Theorem. The prime number $p$ is prime in $\mathbb{Q}(\sqrt{d})$ iff $d$ is not a quadratic residue modulo p.

Since this theorem has two directions, we have to prove two things. One way to do that is to assume that $d$ is quadratic residue, and to get the contradiction. My question is about the second part, about assuming that $p$ is not prime. I found the proof where it is said the following:

Assume that $p$ is not prime. Then, $p$ is not irreducible, so, there are $u,v \in \mathbb{Q}(\sqrt{d})$ such that $p=uv$ and $u,v$ are not unit elements. I won't continue writing this proof if it's not necessary, I have only one question: how come we concluded: $p$ is not prime $\Rightarrow$ $p$ is not irreducible? I know about the theorem that says that any prime in $\mathbb{Q}(\sqrt{d})$ is irreducible, but not vice versa. Can vice versa work in $\mathbb{Q}(\sqrt{d})$? Thank you.

  • $\begingroup$ Note: Prime implies irreducible, but in rings of the form $\mathbb{Q}(\sqrt{d})$, irreducible does not necessarily imply prime. A standard example is $1+\sqrt{-5}$ in $\mathbb{Z}(\sqrt{-5})$, since $2\times 3 = (1+\sqrt{-5})(1+\sqrt{-5})$, and all of the factors are irreducible in the ring of integers $\mathbb{Z}(\sqrt{-5})$. $\endgroup$ Aug 21, 2019 at 16:53
  • $\begingroup$ I thought the same, then the proof is not right? $\endgroup$
    – user672596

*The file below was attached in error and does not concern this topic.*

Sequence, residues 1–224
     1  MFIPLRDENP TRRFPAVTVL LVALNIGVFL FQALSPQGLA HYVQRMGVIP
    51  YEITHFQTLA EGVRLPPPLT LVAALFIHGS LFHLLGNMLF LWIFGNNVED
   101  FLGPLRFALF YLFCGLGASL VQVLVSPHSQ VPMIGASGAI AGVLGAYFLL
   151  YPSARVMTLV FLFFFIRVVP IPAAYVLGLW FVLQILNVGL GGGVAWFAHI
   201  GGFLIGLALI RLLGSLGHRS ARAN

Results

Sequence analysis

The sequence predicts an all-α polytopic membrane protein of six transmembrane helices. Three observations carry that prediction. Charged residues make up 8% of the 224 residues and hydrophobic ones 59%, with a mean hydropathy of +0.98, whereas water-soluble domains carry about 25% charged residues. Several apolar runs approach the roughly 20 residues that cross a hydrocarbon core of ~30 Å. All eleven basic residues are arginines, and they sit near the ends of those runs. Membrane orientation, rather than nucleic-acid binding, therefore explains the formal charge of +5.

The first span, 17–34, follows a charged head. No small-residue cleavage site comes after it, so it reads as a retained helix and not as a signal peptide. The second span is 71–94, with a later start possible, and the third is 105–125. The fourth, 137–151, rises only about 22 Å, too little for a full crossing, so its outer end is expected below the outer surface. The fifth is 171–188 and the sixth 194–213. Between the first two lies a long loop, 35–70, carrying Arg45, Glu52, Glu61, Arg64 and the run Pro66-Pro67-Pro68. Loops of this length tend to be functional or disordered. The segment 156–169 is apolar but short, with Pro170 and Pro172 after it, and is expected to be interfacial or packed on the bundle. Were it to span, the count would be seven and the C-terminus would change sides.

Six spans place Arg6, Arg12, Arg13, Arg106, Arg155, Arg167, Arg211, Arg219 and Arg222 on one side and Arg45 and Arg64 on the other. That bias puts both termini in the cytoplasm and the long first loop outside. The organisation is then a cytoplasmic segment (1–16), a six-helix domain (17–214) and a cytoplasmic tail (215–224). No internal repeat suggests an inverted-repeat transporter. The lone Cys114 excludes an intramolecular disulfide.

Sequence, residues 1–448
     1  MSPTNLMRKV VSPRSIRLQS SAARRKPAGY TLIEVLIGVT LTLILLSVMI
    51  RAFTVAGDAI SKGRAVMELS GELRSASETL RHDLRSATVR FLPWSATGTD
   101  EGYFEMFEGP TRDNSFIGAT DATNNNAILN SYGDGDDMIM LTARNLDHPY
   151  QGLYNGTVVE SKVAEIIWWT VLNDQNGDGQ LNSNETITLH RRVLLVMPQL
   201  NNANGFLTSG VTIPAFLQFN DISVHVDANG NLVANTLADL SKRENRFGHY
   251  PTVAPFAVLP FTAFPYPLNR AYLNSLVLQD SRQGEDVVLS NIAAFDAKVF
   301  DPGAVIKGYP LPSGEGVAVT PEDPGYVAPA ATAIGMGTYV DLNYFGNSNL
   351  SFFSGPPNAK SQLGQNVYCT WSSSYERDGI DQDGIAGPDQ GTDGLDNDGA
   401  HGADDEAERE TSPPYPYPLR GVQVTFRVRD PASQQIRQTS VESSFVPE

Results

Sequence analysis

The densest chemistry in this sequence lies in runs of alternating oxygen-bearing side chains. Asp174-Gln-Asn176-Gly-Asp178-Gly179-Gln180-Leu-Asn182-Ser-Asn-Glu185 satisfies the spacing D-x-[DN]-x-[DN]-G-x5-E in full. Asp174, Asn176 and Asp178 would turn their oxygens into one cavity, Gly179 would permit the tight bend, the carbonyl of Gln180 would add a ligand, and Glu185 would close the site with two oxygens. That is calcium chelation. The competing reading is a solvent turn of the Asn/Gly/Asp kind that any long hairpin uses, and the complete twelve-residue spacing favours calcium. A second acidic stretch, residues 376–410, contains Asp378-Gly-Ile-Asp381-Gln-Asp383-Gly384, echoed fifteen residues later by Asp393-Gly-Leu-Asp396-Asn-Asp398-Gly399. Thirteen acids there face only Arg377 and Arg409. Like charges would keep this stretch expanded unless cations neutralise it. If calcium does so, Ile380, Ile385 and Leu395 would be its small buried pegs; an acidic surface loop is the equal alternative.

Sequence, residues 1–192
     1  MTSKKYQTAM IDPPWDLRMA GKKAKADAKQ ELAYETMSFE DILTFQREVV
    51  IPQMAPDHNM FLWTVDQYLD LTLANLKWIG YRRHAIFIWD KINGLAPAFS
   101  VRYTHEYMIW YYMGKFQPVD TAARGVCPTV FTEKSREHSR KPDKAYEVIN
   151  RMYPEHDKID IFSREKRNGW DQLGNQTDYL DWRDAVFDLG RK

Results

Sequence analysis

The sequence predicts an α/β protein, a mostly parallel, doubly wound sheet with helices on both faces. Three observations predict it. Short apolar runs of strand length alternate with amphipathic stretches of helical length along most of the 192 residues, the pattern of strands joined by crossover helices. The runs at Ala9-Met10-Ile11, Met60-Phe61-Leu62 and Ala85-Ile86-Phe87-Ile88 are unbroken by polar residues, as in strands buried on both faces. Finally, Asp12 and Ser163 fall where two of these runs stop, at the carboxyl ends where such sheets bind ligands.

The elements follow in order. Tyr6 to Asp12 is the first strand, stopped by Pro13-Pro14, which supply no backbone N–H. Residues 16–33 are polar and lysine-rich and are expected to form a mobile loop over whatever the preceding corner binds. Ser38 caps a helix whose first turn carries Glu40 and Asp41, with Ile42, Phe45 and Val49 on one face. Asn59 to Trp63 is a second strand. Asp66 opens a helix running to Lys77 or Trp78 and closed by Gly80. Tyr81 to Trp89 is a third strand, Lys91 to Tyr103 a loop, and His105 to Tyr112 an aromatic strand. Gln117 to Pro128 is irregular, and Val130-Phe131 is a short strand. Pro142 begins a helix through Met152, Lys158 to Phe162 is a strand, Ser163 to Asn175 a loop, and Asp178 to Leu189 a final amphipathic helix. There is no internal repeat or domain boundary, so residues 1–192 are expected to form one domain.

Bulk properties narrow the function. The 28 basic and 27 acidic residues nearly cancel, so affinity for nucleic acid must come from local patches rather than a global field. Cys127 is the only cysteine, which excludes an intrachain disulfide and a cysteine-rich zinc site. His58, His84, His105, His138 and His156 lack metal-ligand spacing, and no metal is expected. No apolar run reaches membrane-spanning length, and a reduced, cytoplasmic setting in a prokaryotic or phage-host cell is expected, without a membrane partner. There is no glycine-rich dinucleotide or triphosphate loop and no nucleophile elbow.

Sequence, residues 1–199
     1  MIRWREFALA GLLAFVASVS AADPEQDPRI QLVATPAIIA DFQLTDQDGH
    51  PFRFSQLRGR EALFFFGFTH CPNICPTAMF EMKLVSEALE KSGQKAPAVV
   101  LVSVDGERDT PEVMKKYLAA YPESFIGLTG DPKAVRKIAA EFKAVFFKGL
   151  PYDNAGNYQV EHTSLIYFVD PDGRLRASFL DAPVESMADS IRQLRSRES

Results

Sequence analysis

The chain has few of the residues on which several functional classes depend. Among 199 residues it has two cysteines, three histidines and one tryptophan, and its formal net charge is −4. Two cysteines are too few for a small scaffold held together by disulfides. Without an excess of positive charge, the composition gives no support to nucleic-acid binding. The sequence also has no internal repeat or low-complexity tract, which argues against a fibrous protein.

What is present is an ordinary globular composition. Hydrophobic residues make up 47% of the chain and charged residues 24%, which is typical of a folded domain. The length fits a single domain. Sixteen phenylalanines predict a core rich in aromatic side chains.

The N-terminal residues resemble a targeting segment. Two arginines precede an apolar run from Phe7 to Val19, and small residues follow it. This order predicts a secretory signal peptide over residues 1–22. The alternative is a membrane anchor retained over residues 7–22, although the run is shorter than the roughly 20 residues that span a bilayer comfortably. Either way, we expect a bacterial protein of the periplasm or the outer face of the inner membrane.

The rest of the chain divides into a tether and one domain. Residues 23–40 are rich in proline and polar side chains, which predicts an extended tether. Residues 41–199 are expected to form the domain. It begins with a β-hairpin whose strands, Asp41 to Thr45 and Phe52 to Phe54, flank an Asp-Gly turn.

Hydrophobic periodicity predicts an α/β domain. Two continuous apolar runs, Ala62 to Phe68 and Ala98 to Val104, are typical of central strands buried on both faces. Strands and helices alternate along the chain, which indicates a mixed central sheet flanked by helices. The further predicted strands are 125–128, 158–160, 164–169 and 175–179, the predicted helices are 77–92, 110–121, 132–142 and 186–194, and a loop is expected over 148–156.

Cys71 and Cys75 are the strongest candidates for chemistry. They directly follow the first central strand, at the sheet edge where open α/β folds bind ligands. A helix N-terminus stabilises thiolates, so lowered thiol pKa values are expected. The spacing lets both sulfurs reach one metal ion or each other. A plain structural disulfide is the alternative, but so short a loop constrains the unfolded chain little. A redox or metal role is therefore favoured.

Aug 21, 2019 at 16:54
  • $\begingroup$ P.S. I assume it means “in the ring of integers of $\mathbb{Q}(\sqrt{d})$”.... $\endgroup$ Aug 21, 2019 at 16:54
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    $\begingroup$ @karim-ashli: That’s related to my comment: in a field, every nonzero element is a unit, so nothing is a prime at all. So presumably the problem is actually asking about primes in the ring of integers of $\mathbb{Q}(\sqrt{d})$, rather than in $\mathbb{Q}(\sqrt{d})$ itself. $\endgroup$ Aug 21, 2019 at 17:01
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    $\begingroup$ (@Karim-ashli: Note that you are missing “is not zero and is not a unit” in your definition of prime). $\endgroup$ Aug 21, 2019 at 17:01

1 Answer 1


$\Bbb{Q}(\sqrt{d})$ is a field it has no non-trivial (prime) ideal.

For $d \in \Bbb{Z}, \not \in \Bbb{Z}^2$ then $(p)$ is a prime ideal of $R=\Bbb{Z}[\sqrt{d}] =\Bbb{Z}[x]/(x^2-d)$ iff $R/(p) = \Bbb{F}_p[x]/(x^2-d)$ is an integral domain iff $x^2-d \in \Bbb{F}_p[x]$ is irreducible iff $d$ is a quadratic non-residue $\bmod p$.

With $d = m^2 D$ where $D$ is squarefree the ring of integers of $\Bbb{Q}(\sqrt{d})$ is $\Bbb{Z}[\sqrt{D}] $ or $\Bbb{Z}[\frac{1+\sqrt{D}}{2}] $, in the latter case there is the additional case of $(2)$ which is a prime ideal because $x^2+x+1 \in \Bbb{F}_2[x]$ is irreducible.


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